Listening with Nathan : Terra in Bocca

On the face of it, there was little that was particularly special about I Giganti. Formed in 1964, they were another Italian beat group amongst many, albeit one that once supported the Beatles, and their early work is pleasant and poppy but with nothing particularly special about it. There certainly wasn’t anything to suggest that they’d one day make one of the pivotal albums in the canon of Rock Progressivo Italiano, 1971’s Terra in Bocca (a title that might be translated as ‘Soil in the mouth’).

It’s a genuine concept album, broken up into movements but with no break in the music. In the Sicily of the 1930s a young man, sickened by the corruption in his village that sees the supply of water being abused and controlled by two shadowy figures, takes matters into his own hands and decides to dig his own well. He will, he says, give any supply he discovers to the villagers for free. As a result of which, he is murdered. His father swears vengeance, and shoots the assassin in the face at a crossroads. So far, so operatic but it’s so, so much more than that. It might seem like a perfect short story, but the tragedy of it all is that it isn’t : the supply of water in Sicily has often controlled by the Mafia and the provision of fresh water to villages has frequently been interrupted so that organised criminals can maintain a monopoly on the supply.

It’s a hugely ambitious, angry and passionate piece of work. If you come at it from a strictly prog rock point of view you may be disappointed – there are no long virtuoso instrumental passages to be found. Mellotron and flute add a little texture but, really, this is an album that lives and dies on the vocals and the lyrics. The vocals are raw and impassioned, whilst the lyrics are rich, complex and a brilliant insight into both the Italy of the past and the country about to descend into the nightmare of the murder of Aldo Moro and the “Years of Lead”. Quite simply, if Leonardo Sciascia had made a Prog album, this would have been it.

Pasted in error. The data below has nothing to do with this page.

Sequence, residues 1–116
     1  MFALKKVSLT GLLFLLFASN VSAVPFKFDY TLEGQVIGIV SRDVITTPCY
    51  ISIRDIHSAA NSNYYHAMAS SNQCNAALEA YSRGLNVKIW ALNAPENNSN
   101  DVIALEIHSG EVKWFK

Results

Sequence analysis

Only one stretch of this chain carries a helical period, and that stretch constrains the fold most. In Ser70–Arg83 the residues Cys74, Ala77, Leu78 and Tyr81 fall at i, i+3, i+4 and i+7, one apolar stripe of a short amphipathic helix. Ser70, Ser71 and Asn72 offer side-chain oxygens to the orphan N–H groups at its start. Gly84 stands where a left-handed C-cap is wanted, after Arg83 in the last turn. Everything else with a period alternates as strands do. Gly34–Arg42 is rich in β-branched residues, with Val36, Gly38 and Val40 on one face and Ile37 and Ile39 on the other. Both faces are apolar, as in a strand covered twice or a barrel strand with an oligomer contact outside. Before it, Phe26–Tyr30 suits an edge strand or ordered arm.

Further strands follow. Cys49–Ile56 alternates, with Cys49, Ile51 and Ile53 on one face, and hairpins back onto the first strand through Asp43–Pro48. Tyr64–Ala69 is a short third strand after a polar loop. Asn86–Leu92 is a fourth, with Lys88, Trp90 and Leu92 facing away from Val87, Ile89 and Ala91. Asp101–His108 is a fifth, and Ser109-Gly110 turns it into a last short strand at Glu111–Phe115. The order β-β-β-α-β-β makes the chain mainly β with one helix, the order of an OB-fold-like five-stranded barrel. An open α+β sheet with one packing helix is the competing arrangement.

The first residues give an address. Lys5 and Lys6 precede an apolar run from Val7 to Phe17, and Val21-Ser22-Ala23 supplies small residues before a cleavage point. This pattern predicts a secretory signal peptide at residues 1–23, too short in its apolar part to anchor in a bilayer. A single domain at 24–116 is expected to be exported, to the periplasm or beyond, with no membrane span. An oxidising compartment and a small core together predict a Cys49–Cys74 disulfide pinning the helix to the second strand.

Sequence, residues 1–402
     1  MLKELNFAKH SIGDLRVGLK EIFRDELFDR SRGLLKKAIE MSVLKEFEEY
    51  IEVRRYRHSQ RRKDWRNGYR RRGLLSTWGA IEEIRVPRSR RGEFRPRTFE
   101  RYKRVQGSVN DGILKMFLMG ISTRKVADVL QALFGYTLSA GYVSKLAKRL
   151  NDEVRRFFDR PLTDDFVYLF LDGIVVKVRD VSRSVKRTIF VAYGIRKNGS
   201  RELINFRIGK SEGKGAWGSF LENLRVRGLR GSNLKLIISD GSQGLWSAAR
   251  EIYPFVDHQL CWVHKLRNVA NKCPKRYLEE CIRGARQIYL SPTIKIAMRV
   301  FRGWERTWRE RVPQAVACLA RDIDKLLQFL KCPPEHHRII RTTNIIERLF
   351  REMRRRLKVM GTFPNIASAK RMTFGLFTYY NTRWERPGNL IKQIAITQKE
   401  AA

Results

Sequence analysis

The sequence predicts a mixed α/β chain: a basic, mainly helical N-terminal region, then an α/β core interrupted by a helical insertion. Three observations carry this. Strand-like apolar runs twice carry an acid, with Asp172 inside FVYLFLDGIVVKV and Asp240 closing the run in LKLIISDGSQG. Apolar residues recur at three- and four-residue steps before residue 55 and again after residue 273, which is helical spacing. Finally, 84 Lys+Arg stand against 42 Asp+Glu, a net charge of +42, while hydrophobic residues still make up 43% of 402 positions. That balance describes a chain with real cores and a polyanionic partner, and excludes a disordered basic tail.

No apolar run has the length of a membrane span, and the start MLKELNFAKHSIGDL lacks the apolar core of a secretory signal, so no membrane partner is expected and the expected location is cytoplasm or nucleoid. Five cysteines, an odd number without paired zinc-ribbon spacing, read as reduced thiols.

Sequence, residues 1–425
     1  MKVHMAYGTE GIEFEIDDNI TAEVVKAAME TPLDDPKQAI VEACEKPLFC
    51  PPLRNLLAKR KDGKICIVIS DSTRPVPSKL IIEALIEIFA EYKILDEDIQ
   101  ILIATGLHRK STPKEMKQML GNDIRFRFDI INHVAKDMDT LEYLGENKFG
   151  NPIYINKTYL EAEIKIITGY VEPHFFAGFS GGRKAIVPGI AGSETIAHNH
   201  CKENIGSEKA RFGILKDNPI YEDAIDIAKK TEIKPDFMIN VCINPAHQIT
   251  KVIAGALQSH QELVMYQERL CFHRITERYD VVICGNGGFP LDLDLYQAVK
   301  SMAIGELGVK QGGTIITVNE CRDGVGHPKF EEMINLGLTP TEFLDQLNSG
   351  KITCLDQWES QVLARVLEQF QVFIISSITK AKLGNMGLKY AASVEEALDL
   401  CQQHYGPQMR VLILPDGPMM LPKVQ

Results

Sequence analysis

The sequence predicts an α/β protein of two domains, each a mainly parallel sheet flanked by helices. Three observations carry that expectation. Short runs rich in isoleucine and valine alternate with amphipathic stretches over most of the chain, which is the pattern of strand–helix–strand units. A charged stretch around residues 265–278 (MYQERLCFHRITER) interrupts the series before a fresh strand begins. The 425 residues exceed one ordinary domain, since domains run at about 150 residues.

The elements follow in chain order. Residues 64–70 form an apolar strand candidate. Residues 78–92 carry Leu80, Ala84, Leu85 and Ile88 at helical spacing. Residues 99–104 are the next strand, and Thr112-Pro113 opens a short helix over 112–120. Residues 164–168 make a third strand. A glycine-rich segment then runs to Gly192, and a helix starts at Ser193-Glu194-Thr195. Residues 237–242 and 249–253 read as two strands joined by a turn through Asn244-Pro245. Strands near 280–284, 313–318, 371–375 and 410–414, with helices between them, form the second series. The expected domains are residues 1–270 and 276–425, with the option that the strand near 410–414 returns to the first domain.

Terra in Bocca had a troubled history. The “M” word is never mentioned, but everybody knew what it was all about and, as a result, it was never played on RAI. The group dissolved shortly afterwards. There were various reunions over the years, but they never achieved the same heights again. Bass player and vocalist Sergio Martino died in 2006. And then, when it might seem as if the band and the album might be seen as nothing more than an interesting footnote in Italian prog history, they won the 2011 Premio Paolo Borsellino , in memory of the great anti-Mafia magistrate. The three surviving members of the band played an acoustic version of the album at the awards ceremony. 40 years on, Terra in Bocca had finally achieved the recognition it had always deserved.

Unlike albums by Le Orme or PFM there is, as far as I know, no English language version of this; although the lyrics can be found in translation on the web. I would urge you to listen to it. It’s a highlight of Italian Prog, to be sure, but it’s more than that : it’s a profoundly courageous piece of art.

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